There are many theories on how to think about colors and how to artistically use them. Color wheels (like the ones below) show different and exciting examples. The Color Bias wheel on the left (painted from an art lecture) shows how neighboring hues react together when the same color's temperature is warm or cool. On the right is Grumbacher brand art materials' color wheel, which is a much more dynamic illustration of the three-dimensional interaction between opposing colors on the wheel and how they make neutral grey when added together. It also shows examples of how colors react when black and white are added. These are only two examples of many ways color theory can be visually explained, but they're some of my personal favorites -- simple and thorough. Isn't color theory fascinating?
These colors are everywhere in nature, and I found examples of them just by looking around outside. Sometimes the best way to find a color scheme for a piece is simply to look at Mother Nature. Beautiful.
If only I could paint as well as this tree does!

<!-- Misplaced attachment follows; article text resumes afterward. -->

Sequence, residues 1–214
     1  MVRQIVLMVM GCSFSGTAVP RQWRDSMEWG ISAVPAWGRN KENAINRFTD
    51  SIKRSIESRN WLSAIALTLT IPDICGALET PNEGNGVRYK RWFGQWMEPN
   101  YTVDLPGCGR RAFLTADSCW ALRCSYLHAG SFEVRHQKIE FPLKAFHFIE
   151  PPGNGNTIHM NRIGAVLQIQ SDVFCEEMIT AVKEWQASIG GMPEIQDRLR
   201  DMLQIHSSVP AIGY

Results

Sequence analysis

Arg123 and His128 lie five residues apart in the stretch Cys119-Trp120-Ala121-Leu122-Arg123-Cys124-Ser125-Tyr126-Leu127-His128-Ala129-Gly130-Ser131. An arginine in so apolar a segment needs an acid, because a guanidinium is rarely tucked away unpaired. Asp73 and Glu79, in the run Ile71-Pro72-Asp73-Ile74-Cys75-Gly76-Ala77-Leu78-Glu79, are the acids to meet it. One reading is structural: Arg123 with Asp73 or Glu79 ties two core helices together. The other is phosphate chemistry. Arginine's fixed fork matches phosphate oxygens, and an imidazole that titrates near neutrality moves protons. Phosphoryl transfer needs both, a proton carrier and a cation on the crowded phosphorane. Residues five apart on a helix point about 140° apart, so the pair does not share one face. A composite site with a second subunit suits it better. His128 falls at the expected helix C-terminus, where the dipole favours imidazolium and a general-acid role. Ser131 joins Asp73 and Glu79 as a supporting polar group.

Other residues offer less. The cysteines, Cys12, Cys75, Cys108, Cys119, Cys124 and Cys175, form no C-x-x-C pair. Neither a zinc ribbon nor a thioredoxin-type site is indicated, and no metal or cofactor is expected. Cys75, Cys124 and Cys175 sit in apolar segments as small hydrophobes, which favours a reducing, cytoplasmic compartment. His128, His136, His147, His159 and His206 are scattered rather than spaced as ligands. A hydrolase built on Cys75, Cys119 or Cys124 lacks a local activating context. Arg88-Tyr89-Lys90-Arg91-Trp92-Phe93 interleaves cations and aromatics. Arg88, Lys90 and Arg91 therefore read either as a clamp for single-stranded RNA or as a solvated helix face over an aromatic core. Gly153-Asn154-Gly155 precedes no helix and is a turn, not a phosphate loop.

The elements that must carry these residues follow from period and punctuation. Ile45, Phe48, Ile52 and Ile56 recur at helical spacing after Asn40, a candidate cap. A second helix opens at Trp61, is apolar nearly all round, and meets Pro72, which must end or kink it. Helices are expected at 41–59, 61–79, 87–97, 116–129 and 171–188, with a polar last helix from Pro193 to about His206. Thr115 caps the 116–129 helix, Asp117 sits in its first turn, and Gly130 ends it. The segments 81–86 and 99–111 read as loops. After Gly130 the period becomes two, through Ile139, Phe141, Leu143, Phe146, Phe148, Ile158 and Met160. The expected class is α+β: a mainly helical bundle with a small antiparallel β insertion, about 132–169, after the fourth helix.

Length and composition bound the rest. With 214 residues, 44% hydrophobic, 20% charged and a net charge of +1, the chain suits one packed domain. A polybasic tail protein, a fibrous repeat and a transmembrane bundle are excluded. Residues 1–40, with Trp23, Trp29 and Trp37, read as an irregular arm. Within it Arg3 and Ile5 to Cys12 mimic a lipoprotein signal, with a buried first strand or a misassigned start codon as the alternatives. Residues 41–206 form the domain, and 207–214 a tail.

Traditional media was an insightful adventure, but my creative intention was to represent the color much cleaner with crisp levels of transparency. I knew I liked the concept of the hues with some graphic splashes of black and white. You can see here that I even pulled in some found objects to conceptualize with.
Fully inspired, I jumped back into the digital space where RGB is king…usually. First I made a wheel of CMY divided into thirds and cut it into many pizza wedges. Those were turned transparent and, while trying to keep them pointed toward the center, I overlapped and scattered them, which created subtle color changes of secondary colors orange, green, and violet.
A really tricky part was translating these little pizza slices of color into solid, printable screens. After I had mocked the piece with transparent layers, I got word that the printer didn't print transparencies, so I had to figure out a way to fake it so it appeared transparent. Sometimes the creative process throws you a loop -- POW! – and you gotta go with the flow and get real tricky to make your vision work!
This was a totally successful experiment. I used the halftone tool to make different value frequencies with tiny dots, so the forced “transparency” would still interact with the neighboring color. It worked! Here is a close-up of the detailed halftone dots. I really learned a lot on this piece!
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